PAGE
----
The book, IN NATURAL LIGHT- PAINTINGS BY VALOY EATON, was published in 2003. The book is a 126 page chronological history, containing over 195 color images of Valoy's paintings since 1969. The first edition is sold out. A second edition printing is being considered.

Following are a few pages from the book:

Forword By Senator Orrin G. Hatch

Valoy Eaton's incredible body of work - the deep brush lines, the marvelous use of light, the bright colors and hues, the impressive landscape vistas, and every so often the inspired use of children and women, neighbors, friends, and loved ones - all evoke a special beauty that celebrates America at its best.

I call the Eaton paintings "realistic impressionism." There is an impressionistic quality to Valoy's work that evokes an image few will ever forget. His rich palette and his genius use of hallmark themes-landscapes, hollyhocks, streams, luscious sage brush, horses, farm animals, birds, rivers, and mountains-all are so magnificent they render words insufficient to describe their luminous beauty.

And of course, Valoy is a master of light. His magical depiction of light dancing across mountains, trees, shrubs, rivers, streams, snow vistas, and pioneer scenes is not easily forgotten. To view Valoy's paintings gives one a perspective of just how much he loves the west and the beauties of nature. He has a genius for finding just the right kind of lighting and scenery. Whether it is a landscape of the shallow pastoral Susquehanna River in Northern Pennsylvania, a portrait of my wife, Elaine, picking raspberries in the garden, or a painting of cattle on the range being herded by cowboys, the observer experiences a feeling of joy and peace at the same time. Valoy is a person who looks at life and responds. He has a pure appreciation of people and light.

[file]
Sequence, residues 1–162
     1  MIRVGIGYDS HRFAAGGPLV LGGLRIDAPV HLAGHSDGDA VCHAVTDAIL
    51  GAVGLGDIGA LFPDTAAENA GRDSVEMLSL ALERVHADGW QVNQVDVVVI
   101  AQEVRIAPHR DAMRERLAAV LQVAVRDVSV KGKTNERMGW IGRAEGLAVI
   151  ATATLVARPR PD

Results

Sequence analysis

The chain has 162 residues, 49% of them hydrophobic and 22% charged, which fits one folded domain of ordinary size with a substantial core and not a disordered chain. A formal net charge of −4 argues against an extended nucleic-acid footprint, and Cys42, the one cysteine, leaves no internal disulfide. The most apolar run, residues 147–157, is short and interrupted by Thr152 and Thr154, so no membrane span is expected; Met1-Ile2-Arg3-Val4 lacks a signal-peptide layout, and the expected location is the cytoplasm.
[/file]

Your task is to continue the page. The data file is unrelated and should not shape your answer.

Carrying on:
It is for these reasons that I probably own more Valoy Eaton paintings than anyone alive, including Valoy and Ellie Eaton, his wife. I started collecting them when Valoy was teaching art and coaching basketball in high school. I have followed his and Ellie's careers for many years and have reveled in the acclaim he has achieved by other collectors, museums, art contests, including the Cowboy Hall of Fame, by various collectors, and by those who love fine art and recognize Valoy's special genius.